From Egypt to Yemen, the Red Sea runs down the length of some of the world’s most alluring countries. On Friday 29 and Saturday 30 October 2004, a two-day conference, People of the Red Sea, will celebrate the history, anthropology and archaeology of the countries bordering the Red Sea. To be held in the British Museum, it will coincide with the major exhibition on the southern Red Sea country of Sudan, as profiled in this issue of CWA.
Readers are encouraged to attend both days of the conference especially as each has a slightly different flavour. The first day, Friday 29 October, is an international academic symposium organised by the Society for Arabian Studies to which all are welcome. Topics will include the Pharaonic coastal settlement of Mersa Gawasis in Egypt, and the diverse coinage of South West Arabia.
The second day takes a more popular look at the subject. Organised by the British Museum, it is packaged as one of their highly appealing Study Days, and is aimed at the interested lay-person. There, we will hear a range of diverse talks, from a look at erstwhile Yemeni Red Sea cave-dwellers, to the grand Aksumite civilisation of Ethiopia; from the history of its ports to travellers’ accounts of their adventures in the Red Sea area.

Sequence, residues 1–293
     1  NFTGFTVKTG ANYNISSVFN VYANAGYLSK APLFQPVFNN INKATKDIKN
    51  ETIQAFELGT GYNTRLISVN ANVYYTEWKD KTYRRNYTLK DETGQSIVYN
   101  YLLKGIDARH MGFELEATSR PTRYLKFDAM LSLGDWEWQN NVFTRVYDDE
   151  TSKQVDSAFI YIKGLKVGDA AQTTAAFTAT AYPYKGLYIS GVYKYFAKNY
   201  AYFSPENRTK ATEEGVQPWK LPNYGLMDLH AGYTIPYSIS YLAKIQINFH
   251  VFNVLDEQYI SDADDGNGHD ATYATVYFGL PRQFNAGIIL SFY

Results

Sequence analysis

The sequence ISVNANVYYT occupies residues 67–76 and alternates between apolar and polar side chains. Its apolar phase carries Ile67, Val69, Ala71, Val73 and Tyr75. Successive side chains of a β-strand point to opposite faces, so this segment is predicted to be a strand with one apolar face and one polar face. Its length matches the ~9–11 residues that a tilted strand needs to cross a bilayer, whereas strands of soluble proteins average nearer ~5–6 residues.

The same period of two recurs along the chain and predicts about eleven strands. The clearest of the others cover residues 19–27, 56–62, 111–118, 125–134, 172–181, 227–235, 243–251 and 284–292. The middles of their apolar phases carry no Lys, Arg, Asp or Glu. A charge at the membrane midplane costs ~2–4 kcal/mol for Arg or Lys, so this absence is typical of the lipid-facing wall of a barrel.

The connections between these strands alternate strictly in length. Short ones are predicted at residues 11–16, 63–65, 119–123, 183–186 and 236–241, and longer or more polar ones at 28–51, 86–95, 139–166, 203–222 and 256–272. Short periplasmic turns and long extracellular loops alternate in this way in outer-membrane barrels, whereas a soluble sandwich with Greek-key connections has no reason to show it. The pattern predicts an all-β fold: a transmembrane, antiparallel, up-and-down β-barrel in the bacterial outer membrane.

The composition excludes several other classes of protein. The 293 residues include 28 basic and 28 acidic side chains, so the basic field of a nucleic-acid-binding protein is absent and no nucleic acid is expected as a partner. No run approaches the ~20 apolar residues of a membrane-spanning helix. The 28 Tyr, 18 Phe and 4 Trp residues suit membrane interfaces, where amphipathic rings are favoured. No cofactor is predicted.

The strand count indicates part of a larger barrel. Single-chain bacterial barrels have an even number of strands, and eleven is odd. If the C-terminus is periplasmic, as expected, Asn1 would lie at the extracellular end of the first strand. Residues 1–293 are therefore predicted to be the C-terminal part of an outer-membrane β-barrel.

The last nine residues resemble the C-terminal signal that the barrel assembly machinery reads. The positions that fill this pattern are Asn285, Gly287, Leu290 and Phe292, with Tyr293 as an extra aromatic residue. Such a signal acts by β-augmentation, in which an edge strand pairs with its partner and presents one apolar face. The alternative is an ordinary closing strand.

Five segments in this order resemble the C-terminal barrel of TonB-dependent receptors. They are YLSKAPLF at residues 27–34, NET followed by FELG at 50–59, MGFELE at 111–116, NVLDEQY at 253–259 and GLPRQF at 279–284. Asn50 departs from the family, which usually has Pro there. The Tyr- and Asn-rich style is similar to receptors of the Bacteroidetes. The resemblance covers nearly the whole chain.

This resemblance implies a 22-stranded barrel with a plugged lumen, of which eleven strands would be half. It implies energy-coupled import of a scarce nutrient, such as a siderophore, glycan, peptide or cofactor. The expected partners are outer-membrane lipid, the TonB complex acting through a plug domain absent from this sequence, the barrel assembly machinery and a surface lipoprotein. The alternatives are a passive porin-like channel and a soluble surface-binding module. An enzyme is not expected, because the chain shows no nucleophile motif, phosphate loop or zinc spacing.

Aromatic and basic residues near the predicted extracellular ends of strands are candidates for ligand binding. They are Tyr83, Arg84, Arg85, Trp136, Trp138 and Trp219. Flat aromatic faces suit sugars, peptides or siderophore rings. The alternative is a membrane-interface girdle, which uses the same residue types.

The costs per day are the usual British Museum rates of £28, BM Friends £25, concessions £18. To attend the British Museum Study Day (Saturday the 30th October), call the BM Box Office on 020 7323 8181. Booking forms for the symposium (Friday the 29th October) are available on line via the Society for Arabian Studies website at http://www.dur.ac.uk/red.sea.


This article is an extract from the full article published in World Archaeology Issue 6. Click here to subscribe

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